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We Need to Know: Will Golden Boy’s Walter Clark and Christian Arroyo Ever Get Along? 

Photo Credit: David M. Russell/CBS
Photo Credit: David M. Russell/CBS

My answer to that question will always be an emphatic “no.” Clark’s relationship with Arroyo is one of the strongest, most dynamic of the show. Yes, they’re adversaries in almost every sense of the word but, ironically, their need and desire to constantly one-up each other makes them good at their jobs – not all the time, but often. It gets their cases solved quickly and the guilty parties off the street.

Of course it all started as an issue of respect. As one of the senior, more experienced detectives in the squad Arroyo was looking for Clark to seek him out for guidance and maybe even advice. But Clark has never been that kind of person, even though he needs the experienced hand of someone like Owen to show him the right way to work and close a case. When Arroyo saw he wasn’t going to get what he was looking for from Clark, he decided to teach him a lesson. 

And Arroyo would’ve gotten his pound of flesh if Clark didn’t find out about his affair with McKenzie. We know Clark would never put McKenzie’s job or reputation on the line by exposing this inappropriate relationship, but Arroyo doesn’t. He thinks Clark is looking for any way to make him look bad. News flash: Arroyo can make himself look bad all on his own; he doesn’t need anyone’s help. Now don’t get me wrong, I think Kevin Alejandro‘s Arroyo is a great villain. I love that Clark has to watch his back on the street, at work, and even at home. I like that Arroyo is always looking for ways to bring Clark down a peg or two. But mostly I like that Arroyo doesn’t believe in all the hype surrounding golden boy Clark. Clark has to constantly prove his worth to the squad and to us, and I don’t think that’s a bad thing. If Clark ever turned into too much of a goodie-goodie, we’d lose interest.

In “Sacrifice,” deputy major Carlton Holbrook offers Clark a position as a liaison to the mayor’s office. Clark isn’t sure he deserves something like that, but Holbrook claims they’re both ‘climbers’ and needs an answer fast. Later we find out that Holbrook is Margot’s anonymous source and that he’s trying to make Clark look bad at work because he’s jealous. And Arroyo is the one who puts all the puzzle pieces together. I don’t know how I keep forgetting how smart he is. Arroyo has to be to have come so far so fast in his career. He wants to know why Holbrook would offer Clark such an important position. But more than that, Arroyo wants to know why Clark would leak information about their case to his secret girlfriend.  It’s not until Shana’s father shows up at the precinct with a loaded weapon that he gets it. He can’t believe Holbrook would put people’s lives in jeopardy because of his personal feelings. Holbrook seems to understand he’s gone too far, but we’ll see if that sticks. Of course Arroyo doesn’t tell Clark that Holbrook knows – because what’s the tactical advantage in that? But he does warn Clark that Holbrook has an angle.

Shana Taylor’s parents are distraught and blaming each other for the death of their child. Her mother made sacrifices to bring her to New York and help Shana pursue her dream, but her father thought she’s be happier back home living a normal life. She made friends with one of her more introverted neighbors, Neil Jacobs. But they only found out about this relationship because Shana was caught shoplifting and released into his custody. Now if Clark and Arroyo had actually worked together on this case and shared information like they were supposed to, Arroyo would’ve known Hank had that gun. And when Hank came into the precinct asking about Neil Jordan, maybe Arroyo wouldn’t have tried to talk him down even more. I can’t say Arroyo was irresponsible here, because I don’t think he was. He was trying to reassure a grieving father that they were doing everything in their power to find the person responsible for his daughter’s murder. Of course, at the time, he didn’t know they had the right person in custody.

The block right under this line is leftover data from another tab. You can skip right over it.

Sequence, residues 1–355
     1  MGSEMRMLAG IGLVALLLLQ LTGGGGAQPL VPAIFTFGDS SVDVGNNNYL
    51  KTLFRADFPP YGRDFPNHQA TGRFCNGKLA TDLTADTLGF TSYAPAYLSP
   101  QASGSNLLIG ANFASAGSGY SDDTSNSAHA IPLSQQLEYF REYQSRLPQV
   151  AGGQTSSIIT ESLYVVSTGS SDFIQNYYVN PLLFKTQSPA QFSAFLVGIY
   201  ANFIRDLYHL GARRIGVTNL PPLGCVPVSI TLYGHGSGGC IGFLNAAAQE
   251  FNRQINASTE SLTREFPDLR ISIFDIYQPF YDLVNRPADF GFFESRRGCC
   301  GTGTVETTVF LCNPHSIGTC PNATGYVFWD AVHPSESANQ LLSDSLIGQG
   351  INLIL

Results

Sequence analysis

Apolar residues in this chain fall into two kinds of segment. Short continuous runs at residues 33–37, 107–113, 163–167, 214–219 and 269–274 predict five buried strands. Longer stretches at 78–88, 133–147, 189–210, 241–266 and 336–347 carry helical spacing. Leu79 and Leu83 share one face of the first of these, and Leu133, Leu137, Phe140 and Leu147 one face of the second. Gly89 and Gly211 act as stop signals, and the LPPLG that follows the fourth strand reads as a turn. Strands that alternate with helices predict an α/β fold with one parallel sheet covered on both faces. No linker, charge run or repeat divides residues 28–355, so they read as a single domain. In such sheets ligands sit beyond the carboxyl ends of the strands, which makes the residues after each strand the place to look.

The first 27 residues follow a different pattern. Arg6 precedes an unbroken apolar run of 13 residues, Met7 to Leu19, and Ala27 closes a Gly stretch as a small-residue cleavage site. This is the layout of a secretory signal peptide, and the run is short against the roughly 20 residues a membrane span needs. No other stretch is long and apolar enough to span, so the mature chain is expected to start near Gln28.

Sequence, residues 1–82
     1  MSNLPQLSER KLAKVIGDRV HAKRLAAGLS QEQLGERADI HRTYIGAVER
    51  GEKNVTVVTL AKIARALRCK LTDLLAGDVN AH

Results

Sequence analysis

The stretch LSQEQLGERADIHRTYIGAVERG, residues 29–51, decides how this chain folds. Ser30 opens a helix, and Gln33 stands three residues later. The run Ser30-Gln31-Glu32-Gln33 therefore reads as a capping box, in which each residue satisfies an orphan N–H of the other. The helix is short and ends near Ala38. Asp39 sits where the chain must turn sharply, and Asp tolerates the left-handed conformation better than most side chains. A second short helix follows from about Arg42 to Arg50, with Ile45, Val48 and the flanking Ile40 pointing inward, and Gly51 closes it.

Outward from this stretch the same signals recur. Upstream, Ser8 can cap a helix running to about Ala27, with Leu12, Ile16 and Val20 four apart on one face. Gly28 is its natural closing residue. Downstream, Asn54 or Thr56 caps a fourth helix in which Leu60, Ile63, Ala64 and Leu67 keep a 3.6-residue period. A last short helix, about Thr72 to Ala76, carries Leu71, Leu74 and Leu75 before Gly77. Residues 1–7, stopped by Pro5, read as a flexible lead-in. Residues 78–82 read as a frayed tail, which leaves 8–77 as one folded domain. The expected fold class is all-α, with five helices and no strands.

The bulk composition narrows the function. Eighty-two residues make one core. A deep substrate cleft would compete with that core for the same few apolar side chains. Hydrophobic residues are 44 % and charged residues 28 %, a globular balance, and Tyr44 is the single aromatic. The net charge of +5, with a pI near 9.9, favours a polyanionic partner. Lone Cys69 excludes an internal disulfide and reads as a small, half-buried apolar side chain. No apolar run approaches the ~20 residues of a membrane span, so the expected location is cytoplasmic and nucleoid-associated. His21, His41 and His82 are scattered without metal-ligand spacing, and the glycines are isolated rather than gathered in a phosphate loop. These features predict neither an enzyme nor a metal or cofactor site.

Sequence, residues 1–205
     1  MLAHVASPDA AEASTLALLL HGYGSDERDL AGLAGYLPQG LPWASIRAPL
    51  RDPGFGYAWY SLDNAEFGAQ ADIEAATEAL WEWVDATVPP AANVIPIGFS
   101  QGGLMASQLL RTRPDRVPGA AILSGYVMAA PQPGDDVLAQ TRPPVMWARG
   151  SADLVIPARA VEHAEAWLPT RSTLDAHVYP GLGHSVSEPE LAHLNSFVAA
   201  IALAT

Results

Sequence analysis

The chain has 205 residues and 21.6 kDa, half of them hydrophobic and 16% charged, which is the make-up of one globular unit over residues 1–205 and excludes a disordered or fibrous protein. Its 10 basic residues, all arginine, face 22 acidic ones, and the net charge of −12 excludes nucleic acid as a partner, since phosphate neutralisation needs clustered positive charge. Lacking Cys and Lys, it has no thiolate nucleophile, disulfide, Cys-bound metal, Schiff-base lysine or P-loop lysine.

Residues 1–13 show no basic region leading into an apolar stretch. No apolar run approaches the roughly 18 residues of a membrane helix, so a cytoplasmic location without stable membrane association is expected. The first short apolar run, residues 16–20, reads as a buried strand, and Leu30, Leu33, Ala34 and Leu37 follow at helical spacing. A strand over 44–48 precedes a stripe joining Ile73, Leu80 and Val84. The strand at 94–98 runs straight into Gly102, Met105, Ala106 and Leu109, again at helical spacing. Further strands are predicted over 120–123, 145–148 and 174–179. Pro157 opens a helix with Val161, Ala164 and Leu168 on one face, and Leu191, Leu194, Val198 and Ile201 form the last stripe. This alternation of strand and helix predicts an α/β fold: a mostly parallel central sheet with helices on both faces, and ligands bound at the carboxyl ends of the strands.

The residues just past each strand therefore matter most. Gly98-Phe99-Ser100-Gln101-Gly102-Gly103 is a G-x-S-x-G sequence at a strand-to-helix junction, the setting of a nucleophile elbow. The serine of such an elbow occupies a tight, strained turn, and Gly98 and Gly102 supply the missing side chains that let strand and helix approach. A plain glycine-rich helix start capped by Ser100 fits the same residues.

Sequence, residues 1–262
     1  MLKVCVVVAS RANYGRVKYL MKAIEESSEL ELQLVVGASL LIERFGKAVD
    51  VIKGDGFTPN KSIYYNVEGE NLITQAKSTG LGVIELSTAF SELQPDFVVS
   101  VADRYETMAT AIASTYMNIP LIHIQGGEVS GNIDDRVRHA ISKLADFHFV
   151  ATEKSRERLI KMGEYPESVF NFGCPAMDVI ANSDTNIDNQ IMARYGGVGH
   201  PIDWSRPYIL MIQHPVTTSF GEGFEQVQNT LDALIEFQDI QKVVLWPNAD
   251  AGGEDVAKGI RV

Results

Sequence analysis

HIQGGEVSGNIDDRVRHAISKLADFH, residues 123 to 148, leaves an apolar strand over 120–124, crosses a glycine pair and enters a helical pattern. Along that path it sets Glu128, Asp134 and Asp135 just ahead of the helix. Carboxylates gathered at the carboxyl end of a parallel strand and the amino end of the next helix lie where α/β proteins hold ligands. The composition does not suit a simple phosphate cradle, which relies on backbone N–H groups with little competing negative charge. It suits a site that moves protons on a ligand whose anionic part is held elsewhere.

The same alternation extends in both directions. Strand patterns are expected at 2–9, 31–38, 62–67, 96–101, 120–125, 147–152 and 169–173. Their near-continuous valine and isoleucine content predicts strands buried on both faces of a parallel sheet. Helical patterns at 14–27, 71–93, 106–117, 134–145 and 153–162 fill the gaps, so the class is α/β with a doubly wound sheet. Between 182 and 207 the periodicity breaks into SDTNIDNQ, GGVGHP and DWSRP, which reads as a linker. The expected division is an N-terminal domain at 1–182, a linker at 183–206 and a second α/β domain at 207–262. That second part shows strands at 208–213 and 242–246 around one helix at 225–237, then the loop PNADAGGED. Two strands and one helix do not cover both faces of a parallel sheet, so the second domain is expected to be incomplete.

Mini Moment of Goodness

I love that Owen calls Clark kid or junior all the time. It’s so rare to ever hear him call Clark by his name. My favorite moment this entire episode has to be when Clark wants to know how Arroyo found out about the job offer from Holbrook. Chi McBride‘s reaction is priceless. Owen says, “We’re in a building full of detectives, kid. There are no secrets in here.”

Other Random Tidbits

  • I still love the dynamic between Arroyo and McKenzie, even though it’s shifting. She was so smart to end the sexual part of their relationship, even though Arroyo still seems attached. It’s probably too early to start dating, but I like that McKenzie’s trying to move on.
  • Clark has no interest in re-connecting with his father. Agnes thinks things are going so well with her mom that she can’t see the harm in trying to reach out to her dad. As we see at the beginning and end of this episode, Clark is speaking at his father’s parole hearing and urging them to keep him locked up. I can’t wait to find out why.
  • Even though he’s loathe to admit it, we know Arroyo admires Clark in spite of himself. And even though he knows he owes Clark his due for saving his life, it’s funny to see just how hard it is for him to say “thank you.” In fact, he starts a fight with Clark instead of conveying his gratitude. But Arroyo also realizes that his ambition is hurting him and he’s been thinking about his recent choices. Are we going to see a new and improved Arroyo? I hope not.

Golden Boy airs Tuesdays at 10/9c on CBS.

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